Billions lost as illicit fisheries trade hurting nations who can afford it least

More than eight million to 14 million tonnes of unreported fish catches are traded illicitly every year, costing the legitimate market between $9 billion and $17 billion in trade each year, according to new research.

In a paper published in Science Advances, researchers from the Fisheries Economics Research Unit and the Sea Around Us initiative, both based at UBC’s Institute for the Oceans and Fisheries, as well as the Sea Around Us – Indian Ocean at the University of Western Australia, looked at catch losses for 143 countries and found that significant amounts of seafood are being illicitly taken out of the food supply system of many countries, impacting the nutritional food security and livelihoods of millions.

Continue reading

IOFSeminar - Jan 24 2020A-qr

Sea Around Us co-organizes event with Pulitzer Prize-winner Ian Urbina

The Sea Around Us has joined forces with the Institute for the Oceans and Fisheries, UBC’s School of Journalism, the Global Reporting Centre, and Trace Foundation to host an event titled The Outlaw Ocean: A conversation with Ian Urbina.

The Outlaw Ocean: Journeys Across the Last Untamed Frontier, is Urbina’s most recent book and across its 540 pages, the New York Times investigative reporter and Pulitzer Prize winner uncovers a globe-spanning network of crime and exploitation that emanates from the fishing, oil and shipping industries, and on which the world’s economies rely.

Continue reading

China’s Bohai Sea left with only tiny fish

China’s Bohai Sea left with only tiny fish

China’s Bohai Sea left with only tiny fish

Japanase sardinella. Image by Totti, Wikimedia Commons.

Smaller fish and invertebrates, such as gazami crab or Japanese sardinella, are replacing larger, more commercially valuable fish such as largehead hairtail in the Bohai Sea in northeastern China.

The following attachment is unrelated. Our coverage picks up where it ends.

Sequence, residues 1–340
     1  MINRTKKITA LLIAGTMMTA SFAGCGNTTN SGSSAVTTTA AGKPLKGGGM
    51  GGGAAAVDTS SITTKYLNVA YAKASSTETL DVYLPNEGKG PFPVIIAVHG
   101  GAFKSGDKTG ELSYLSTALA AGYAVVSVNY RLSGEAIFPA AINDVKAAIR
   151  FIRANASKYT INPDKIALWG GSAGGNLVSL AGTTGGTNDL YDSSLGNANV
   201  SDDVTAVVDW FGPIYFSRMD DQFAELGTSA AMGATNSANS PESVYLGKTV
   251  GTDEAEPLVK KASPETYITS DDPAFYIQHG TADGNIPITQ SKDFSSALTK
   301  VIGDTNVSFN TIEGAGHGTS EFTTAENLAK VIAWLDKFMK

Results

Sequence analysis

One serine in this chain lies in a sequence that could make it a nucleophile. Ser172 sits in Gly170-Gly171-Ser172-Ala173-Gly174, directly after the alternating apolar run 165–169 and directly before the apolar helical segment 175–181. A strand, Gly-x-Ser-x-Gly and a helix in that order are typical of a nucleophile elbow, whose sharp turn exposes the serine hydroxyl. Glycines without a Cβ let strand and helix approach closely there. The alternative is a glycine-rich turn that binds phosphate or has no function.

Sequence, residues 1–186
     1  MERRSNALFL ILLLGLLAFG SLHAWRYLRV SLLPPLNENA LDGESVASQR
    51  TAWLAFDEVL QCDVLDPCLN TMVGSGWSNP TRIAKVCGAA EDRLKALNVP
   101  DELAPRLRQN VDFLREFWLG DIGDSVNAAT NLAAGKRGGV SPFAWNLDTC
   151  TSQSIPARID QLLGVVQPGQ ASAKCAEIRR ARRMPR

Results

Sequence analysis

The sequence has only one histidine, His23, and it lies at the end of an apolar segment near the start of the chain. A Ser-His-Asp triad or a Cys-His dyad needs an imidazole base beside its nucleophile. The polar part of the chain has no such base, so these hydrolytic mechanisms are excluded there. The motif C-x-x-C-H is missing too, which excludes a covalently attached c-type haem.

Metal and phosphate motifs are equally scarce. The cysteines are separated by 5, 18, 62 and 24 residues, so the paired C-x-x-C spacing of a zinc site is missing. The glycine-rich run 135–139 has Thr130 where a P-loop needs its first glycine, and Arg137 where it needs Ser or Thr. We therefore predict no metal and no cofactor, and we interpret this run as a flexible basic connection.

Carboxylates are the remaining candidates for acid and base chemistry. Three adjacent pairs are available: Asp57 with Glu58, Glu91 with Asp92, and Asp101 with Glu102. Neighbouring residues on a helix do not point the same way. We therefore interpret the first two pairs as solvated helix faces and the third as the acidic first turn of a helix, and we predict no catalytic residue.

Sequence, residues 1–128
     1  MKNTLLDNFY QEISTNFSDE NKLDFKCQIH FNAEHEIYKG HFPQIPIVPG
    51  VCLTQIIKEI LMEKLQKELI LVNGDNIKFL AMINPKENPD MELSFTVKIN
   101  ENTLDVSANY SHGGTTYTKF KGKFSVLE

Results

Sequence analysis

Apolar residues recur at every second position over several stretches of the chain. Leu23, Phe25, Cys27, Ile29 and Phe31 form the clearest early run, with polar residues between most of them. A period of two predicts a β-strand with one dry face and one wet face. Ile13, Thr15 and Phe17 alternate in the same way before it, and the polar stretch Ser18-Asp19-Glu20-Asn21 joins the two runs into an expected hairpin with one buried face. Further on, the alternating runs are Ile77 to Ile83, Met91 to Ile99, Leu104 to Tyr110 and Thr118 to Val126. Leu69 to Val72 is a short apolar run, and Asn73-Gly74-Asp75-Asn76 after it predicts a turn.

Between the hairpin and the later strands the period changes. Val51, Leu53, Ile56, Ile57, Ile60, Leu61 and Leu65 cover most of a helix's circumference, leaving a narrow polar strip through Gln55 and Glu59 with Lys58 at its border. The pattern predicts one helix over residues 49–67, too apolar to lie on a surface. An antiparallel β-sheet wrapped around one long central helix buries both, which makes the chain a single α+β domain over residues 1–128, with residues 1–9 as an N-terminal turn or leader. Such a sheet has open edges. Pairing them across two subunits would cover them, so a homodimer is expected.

A new study by scientists with the Chinese Academy of Sciences and the Sea Around Us initiative at the University of British Columbia’s Institute for the Oceans and Fisheries shows that industrial fisheries have severely affected food webs in the Bohai Sea, with organisms that occupy lower levels in the food web becoming more common than larger predators.

Continue reading

How sustainable is tuna? New global catch database exposes dangerous fishing trends

How sustainable is tuna? New global catch database exposes dangerous fishing trends

How sustainable is tuna? New global catch database exposes dangerous fishing trends

Tuna at the Tsukiji fish market in Japan. Photo by Humanoid one, Wikimedia Commons.

Appearing in everything from sushi rolls to sandwiches, tuna are among the world’s favourite fish. But are our current tuna fishing habits sustainable?

Probably not, according to a new global database of tuna catches created by researchers at the University of British Columbia and University of Western Australia.

In a study published in Fisheries Research, scientists from the Sea Around Us initiative found that global tuna catches have increased over 1,000 per cent in the past six decades, fueled by a massive expansion of industrial fisheries.

Continue reading